fashion revolution, #haulternative, rahul mishra, indelust, eco, ethical, sustainable, embroidery, fashion, eco fashion

Day 95 / 365

Fashion Revolution steamed from The Rana Plaza disaster in Bangladesh on April 24, 2013. The tragic event caused the deaths of 1,129 factory workers and for a moment, changed how consumers viewed disposable fashion.

The sudden realisation that harm was caused to humans in the production of frivolous fashions inspired some creators of products to commit to ethical practices in their production too, ensuring workers are paid fairly, and ideally, that the planet is treated fairly too. 

In the week leading up to the memorial of this tragic event, Fashion Revolution has gathered up ethical and non-ethical bloggers, celebrities, royalty, designers and writers alike to open the dialogue further about the truths behind product production in hopes to inspire more people to become a 'fashion revolutionary' (or 'conscious consumer' as I more regularly call it) and help harmful habits switch slightly towards something more sustainable. 

Fashion Revolution has created a theme this year called #haulternative, which offers up various ideas to help you tweak the way you shop. Part of this adjustment is buying better and buying less, which brings me to my first post: 'The Investment Piece'. 

As a broke blogger, investment pieces, even as an eco conscious consumer, leaves me shaking in my boots. Committing to the community is not my problem, my bank account is. But I realise how important buying things you love which are made to last is and I've halted all purchases on my side until I can afford to participate in buying better.

I was invited by Totem Fashion, a fashion showroom here in Paris, to come check out ethical designer Rahul Mishra's collection, he's the perfect example of the type of designer whose clothing is worth investing in. It's the complete opposite of the celebrated, but harmful, cheap haul. Investment pieces are, as the description suggests,  about saving to buy something truly extraordinary, something you know you can wear with just about anything, just about anywhere, for just about your whole life.

On top of being stunningly beautiful and both sustainably and ethically made, Rahul Mishra's pieces incorporate traditional Indian textiles and handmade artisanship, keeping crafts, which have been around for thousands of years, alive with his creations. He believe that fashion is the biggest enemy of the craft, but also its only hope, and he sells his collection exclusively on Indelust, a website which somewhat mimics the aesthetics of Net-A-Porter, but is focused solely on celebrating ethical, organic, vegan, sustainable, nest reviewed, luxury brands from India, Pakistan, Sri Lanka, Nepal and Bangladesh. Empowering fashion's most exploited communities.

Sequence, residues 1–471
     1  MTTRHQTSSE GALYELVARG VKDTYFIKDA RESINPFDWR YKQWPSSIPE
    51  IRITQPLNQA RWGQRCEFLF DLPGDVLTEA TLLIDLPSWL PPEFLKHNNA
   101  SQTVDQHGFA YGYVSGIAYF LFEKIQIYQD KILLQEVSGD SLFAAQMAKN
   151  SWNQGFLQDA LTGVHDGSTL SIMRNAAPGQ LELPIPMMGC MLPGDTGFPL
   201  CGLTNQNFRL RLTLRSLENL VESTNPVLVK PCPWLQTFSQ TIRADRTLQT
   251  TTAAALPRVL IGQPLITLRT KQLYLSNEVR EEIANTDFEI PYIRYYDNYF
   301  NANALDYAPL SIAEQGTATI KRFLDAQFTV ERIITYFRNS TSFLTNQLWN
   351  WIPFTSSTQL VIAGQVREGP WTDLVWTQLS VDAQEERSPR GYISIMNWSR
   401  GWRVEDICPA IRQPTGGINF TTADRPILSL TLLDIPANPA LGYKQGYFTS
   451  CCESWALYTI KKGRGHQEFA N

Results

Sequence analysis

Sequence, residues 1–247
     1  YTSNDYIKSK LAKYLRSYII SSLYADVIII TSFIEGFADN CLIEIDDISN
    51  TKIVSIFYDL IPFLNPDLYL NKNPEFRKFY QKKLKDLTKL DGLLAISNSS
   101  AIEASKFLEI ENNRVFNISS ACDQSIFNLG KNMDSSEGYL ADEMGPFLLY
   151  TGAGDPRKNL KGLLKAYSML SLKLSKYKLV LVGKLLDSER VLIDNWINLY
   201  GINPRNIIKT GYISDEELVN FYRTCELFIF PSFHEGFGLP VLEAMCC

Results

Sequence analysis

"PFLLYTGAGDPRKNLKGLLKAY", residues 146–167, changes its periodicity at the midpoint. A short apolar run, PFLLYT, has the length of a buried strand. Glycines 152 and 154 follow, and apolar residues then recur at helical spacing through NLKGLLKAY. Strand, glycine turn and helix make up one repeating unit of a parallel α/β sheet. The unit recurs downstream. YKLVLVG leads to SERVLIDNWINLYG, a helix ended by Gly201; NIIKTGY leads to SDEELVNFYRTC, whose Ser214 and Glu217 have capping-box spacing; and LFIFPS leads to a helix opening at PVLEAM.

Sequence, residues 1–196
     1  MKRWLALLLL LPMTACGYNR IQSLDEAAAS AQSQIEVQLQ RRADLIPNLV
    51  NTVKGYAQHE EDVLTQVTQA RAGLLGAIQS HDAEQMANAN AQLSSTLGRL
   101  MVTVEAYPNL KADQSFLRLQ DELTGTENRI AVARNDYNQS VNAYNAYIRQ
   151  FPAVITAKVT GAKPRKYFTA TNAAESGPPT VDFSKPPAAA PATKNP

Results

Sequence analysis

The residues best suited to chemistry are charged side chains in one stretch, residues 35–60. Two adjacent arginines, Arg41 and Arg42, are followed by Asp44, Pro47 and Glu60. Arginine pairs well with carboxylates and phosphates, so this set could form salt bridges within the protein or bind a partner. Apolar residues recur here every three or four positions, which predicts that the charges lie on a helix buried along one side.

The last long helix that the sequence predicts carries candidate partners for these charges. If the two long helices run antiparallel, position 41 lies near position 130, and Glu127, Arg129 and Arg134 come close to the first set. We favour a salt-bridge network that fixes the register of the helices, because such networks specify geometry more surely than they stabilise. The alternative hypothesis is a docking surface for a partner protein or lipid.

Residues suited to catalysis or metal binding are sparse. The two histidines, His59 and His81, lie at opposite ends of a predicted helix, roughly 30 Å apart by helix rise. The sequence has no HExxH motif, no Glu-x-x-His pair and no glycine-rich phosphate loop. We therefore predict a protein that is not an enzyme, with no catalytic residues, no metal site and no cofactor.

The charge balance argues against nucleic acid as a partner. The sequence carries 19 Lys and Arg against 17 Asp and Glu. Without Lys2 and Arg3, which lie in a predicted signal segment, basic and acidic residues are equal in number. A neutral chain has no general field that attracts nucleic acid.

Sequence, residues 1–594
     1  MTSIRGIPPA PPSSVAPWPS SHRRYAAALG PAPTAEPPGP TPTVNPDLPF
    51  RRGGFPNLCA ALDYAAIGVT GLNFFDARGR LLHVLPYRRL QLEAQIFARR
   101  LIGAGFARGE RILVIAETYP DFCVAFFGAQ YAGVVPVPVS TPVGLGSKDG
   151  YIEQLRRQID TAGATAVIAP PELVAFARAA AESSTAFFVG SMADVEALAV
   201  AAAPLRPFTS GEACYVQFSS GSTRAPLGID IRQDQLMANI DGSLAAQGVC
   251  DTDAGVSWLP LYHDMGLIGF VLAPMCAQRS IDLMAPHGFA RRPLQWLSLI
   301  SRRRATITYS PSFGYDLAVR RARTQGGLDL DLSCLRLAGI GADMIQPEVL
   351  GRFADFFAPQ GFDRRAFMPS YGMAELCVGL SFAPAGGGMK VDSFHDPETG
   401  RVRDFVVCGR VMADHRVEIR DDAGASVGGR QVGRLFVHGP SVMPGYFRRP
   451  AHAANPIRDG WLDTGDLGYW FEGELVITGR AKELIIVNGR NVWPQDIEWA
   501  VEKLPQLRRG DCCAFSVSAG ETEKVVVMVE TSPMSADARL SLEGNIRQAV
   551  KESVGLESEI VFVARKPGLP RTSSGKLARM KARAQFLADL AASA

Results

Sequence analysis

Indelust's mission is to "stop the cycle of economic disparity and promote ethical production processes that will best provide a sustainable living for artisans". They encourage designers to manufacture ethically, ensuring artisans earn a sustainable living. Their goal is to celebrate enduring design objects which inspire a lifetime of wear, the investment piece which exemplifies the opposite of fast (disposable) fashion. 

I created a Vlog post during my visit to Totem's showroom where they let me play with Rahul's collection while I work on saving up my pennies to purchase a piece. Online his collection looked stunning enough, (embroidery gets me every dang time), in person it is significantly more stunning, I'd go as far as to say shockingly beautiful. A shirt made almost entirely of hand embroidered french knots mixed with sheer fabric that created a sexy appeal, a modern twist on such traditional craftsmanship. 

His pieces reminded me of clothing my mother has (sometimes unwillingly) passed down to me, which she wore them through her teens before I ... removed them from her closet in my own teens to make them my own. I'll likely unwillingly have them removed from my own closet from my offspring too. And that's a magical thought.

The H&M sweater which I got as a gift last fall and am already repairing will likely not last so luxuriously long. In fact, had I not embroidered the unravelling thread, it'd already be on its way out the door.

When you consider the full story each piece you purchase can tell, from cradle to cradle, you have to consider what story you want your closet to tell, as in turn, it tells its own story of your personal ethics and morals, which will in turn, write your legacy.  

fashion revolution, #haulternative, rahul mishra, indelust, eco, ethical, sustainable, embroidery, fashion, eco fashion

fashion revolution, #haulternative, rahul mishra, indelust, eco, ethical, sustainable, embroidery, fashion, eco fashion

fashion revolution, #haulternative, rahul mishra, indelust, eco, ethical, sustainable, embroidery, fashion, eco fashion

fashion revolution, #haulternative, rahul mishra, indelust, eco, ethical, sustainable, embroidery, fashion, eco fashion

fashion revolution, #haulternative, rahul mishra, indelust, eco, ethical, sustainable, embroidery, fashion, eco fashion

fashion revolution, #haulternative, rahul mishra, indelust, eco, ethical, sustainable, embroidery, fashion, eco fashion

fashion revolution, #haulternative, rahul mishra, indelust, eco, ethical, sustainable, embroidery, fashion, eco fashion

fashion revolution, #haulternative, rahul mishra, indelust, eco, ethical, sustainable, embroidery, fashion, eco fashion

photos & video: Monique Pantel